Emily Rozek, the freshly scrubbed looking ingenue who understudies the title role in Thoroughly Modern Millie kicked things off with knockout renditions of "Not For The Life of Me" and "Gimme, Gimme". She prefaced a delightful "A Cockeyed Optimist" with the story of how in a previous understudy assignment, covering Erin Dilly on tour in South Pacific, a last minute call for her to go on as Nellie Forbush resulted in some technical difficulties during that show's famous shower scene. An unrehearsed removal and re-application of her body mic while she was washing that man right out of her hair resulted in a blown circuit and loss of amplification.

Last season Jonathan Rayson got word at 12:30 one afternoon that Jay Goede, the leading actor he was covering in "A Year With Frog and Toad" had a burst appendix. That night, with a minimal amount of preparation, he was singing, dancing and throwing cookies with co-star Mark Linn-Baker, who halted that evening's curtain call to publicly congratulate his new Frog and announce to the audience that they had just seen this talented young man's Broadway debut. Rayson treated us to a sample of his work during the two weeks he performed that role during Goede's recovery with a tender "Alone". These days Jonathan stands by for both Seymour (which he'll be playing November 13) and Orin in Little Shop of Horrors. His comic knack was put to good use with "Grow For Me" and, what is quickly becoming a cabaret favorite, "Way Ahead of My Time", Peter Mills' hilarious tune about a caveman who makes a discovery much more fabulous than fire.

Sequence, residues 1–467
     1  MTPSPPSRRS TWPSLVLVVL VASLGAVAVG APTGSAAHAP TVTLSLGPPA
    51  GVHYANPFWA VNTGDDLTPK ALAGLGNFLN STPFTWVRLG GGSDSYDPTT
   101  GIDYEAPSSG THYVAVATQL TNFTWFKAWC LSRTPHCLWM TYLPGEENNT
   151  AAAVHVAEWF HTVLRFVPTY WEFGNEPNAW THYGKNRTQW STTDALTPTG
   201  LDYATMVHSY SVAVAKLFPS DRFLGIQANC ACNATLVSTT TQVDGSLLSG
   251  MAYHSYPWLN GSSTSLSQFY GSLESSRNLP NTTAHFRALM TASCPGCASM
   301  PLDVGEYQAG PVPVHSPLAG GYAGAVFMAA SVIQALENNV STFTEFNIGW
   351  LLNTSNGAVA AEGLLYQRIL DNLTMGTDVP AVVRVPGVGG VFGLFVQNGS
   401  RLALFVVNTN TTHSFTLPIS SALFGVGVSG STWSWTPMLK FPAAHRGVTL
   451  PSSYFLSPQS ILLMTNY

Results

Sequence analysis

But before Rayson left the stage he was joined by fellow Little Shop standby Jessica-Snow Wilson for what could be the only time they will ever sing "Suddenly Seymour" opposite each other in front of an audience. Like Rozek, her first chance to fill in for the star was made more interesting by technical problems. In this case the plant malfunctioned in the middle of Act II and the performance had to be held up for 20 minutes. Wilson's sweet quirkiness shone through in "Somewhere that's Green" and, another cabaret favorite, Zina Goldrich and Marcy Heisler's comic gem "Taylor, the Latte Boy".